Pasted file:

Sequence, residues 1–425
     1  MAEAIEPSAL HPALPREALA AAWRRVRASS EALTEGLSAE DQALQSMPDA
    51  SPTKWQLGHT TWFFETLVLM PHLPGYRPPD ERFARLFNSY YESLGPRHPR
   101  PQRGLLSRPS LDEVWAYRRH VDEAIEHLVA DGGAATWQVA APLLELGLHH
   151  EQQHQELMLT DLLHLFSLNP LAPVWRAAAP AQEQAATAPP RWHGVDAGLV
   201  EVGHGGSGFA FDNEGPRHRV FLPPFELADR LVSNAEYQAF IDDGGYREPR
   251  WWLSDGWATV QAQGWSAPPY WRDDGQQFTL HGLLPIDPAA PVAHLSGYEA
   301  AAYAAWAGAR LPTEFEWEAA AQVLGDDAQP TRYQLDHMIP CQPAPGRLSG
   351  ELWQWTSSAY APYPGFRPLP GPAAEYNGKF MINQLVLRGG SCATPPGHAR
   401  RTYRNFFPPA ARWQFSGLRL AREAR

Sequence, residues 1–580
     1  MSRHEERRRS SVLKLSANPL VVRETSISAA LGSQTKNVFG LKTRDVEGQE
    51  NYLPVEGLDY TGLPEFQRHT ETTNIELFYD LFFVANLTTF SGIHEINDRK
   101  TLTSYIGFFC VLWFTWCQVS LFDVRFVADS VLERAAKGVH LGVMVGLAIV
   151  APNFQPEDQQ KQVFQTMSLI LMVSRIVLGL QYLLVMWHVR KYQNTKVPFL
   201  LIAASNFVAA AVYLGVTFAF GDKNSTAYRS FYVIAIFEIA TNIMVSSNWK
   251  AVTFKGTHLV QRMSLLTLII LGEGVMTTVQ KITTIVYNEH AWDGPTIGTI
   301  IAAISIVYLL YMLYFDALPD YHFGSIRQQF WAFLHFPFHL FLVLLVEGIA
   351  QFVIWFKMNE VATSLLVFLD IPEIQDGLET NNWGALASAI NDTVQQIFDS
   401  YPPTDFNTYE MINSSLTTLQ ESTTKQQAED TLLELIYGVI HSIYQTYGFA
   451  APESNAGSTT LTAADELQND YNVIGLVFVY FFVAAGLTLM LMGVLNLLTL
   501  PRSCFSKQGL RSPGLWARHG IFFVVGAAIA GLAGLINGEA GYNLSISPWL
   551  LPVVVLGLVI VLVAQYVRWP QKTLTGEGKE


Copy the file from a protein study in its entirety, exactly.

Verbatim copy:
Sequence, residues 1–425
     1  MAEAIEPSAL HPALPREALA AAWRRVRASS EALTEGLSAE DQALQSMPDA
    51  SPTKWQLGHT TWFFETLVLM PHLPGYRPPD ERFARLFNSY YESLGPRHPR
   101  PQRGLLSRPS LDEVWAYRRH VDEAIEHLVA DGGAATWQVA APLLELGLHH
   151  EQQHQELMLT DLLHLFSLNP LAPVWRAAAP AQEQAATAPP RWHGVDAGLV
   201  EVGHGGSGFA FDNEGPRHRV FLPPFELADR LVSNAEYQAF IDDGGYREPR
   251  WWLSDGWATV QAQGWSAPPY WRDDGQQFTL HGLLPIDPAA PVAHLSGYEA
   301  AAYAAWAGAR LPTEFEWEAA AQVLGDDAQP TRYQLDHMIP CQPAPGRLSG
   351  ELWQWTSSAY APYPGFRPLP GPAAEYNGKF MINQLVLRGG SCATPPGHAR
   401  RTYRNFFPPA ARWQFSGLRL AREAR

Sequence, residues 1–580
     1  MSRHEERRRS SVLKLSANPL VVRETSISAA LGSQTKNVFG LKTRDVEGQE
    51  NYLPVEGLDY TGLPEFQRHT ETTNIELFYD LFFVANLTTF SGIHEINDRK
   101  TLTSYIGFFC VLWFTWCQVS LFDVRFVADS VLERAAKGVH LGVMVGLAIV
   151  APNFQPEDQQ KQVFQTMSLI LMVSRIVLGL QYLLVMWHVR KYQNTKVPFL
   201  LIAASNFVAA AVYLGVTFAF GDKNSTAYRS FYVIAIFEIA TNIMVSSNWK
   251  AVTFKGTHLV QRMSLLTLII LGEGVMTTVQ KITTIVYNEH AWDGPTIGTI
   301  IAAISIVYLL YMLYFDALPD YHFGSIRQQF WAFLHFPFHL FLVLLVEGIA
   351  QFVIWFKMNE VATSLLVFLD IPEIQDGLET NNWGALASAI NDTVQQIFDS
   401  YPPTDFNTYE MINSSLTTLQ ESTTKQQAED TLLELIYGVI HSIYQTYGFA
   451  APESNAGSTT LTAADELQND YNVIGLVFVY FFVAAGLTLM LMGVLNLLTL
   501  PRSCFSKQGL RSPGLWARHG IFFVVGAAIA GLAGLINGEA GYNLSISPWL
   551  LPVVVLGLVI VLVAQYVRWP QKTLTGEGKE